Closing Disclosure

Per federal mandate, lenders must provide a Closing Disclosure document to loan applicants 3 business days before the scheduled closing date. This time allows the applicant to review the loan details.

Construction Loan

A short-term interim loan to pay for the construction of a new home. These loans are usually designed to provide periodic disbursements to the builder as they progress.

Conventional Loan

A mortgage not insured by FHA or guaranteed by VA.

Credit Risk Score

A credit risk score is a statistical summary or calculation of the information contained in the borrower’s credit report – much like a grade. The most well-known type is the Fair Isaac or FICO® Score. The credit risk score is very important to most mortgage lenders when considering a loan decision.

Down Payment

The difference between the purchase price and the mortgage amount, often expressed as a percentage. A 20% down payment on a $230,000 loan is $46,000.

Equal Credit Opportunity Act (ECOA)

A federal law that requires lenders and other creditors to make credit equally available without discrimination based on race, color, religion, national origin, age, sex, marital status or receipt of income from public assistance programs.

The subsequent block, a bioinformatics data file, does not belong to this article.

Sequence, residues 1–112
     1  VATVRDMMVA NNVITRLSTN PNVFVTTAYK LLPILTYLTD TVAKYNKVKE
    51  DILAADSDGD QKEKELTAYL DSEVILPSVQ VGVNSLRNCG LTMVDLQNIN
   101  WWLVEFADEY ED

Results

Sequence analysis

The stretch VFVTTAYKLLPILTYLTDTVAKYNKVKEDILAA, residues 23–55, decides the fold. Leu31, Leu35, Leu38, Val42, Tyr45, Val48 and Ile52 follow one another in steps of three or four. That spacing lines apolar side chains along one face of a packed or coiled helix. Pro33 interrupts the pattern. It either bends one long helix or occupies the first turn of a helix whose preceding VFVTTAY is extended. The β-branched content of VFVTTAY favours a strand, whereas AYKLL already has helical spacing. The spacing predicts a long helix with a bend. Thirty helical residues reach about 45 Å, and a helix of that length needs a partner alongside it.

Also referred to as the owner’s interest: the difference between the fair market value (what the property is worth) and current indebtedness (what is owed to the lender). This is the amount the owner would be left with after paying off any mortgages or liens, if the property was sold for market value.


An account held by the lender into which the homebuyer pays money to cover tax or insurance payments. As an example, the homebuyer pays $120 to the lender every month over and above the mortgage payment; the lender holds that money in an escrow account, and every six months the lender pays out $600 from the account to the town for property taxes, and $120 to a homeowner’s insurance provider. Escrow can also refer to “earnest money” deposits requested by the seller and held by a bank before closing.


The Federal Housing Administration, which provides mortgage insurance on loans provided by FHA-approved lenders. FHA financing features lower down payments, low closing costs and no prepayment penalties.

First Mortgage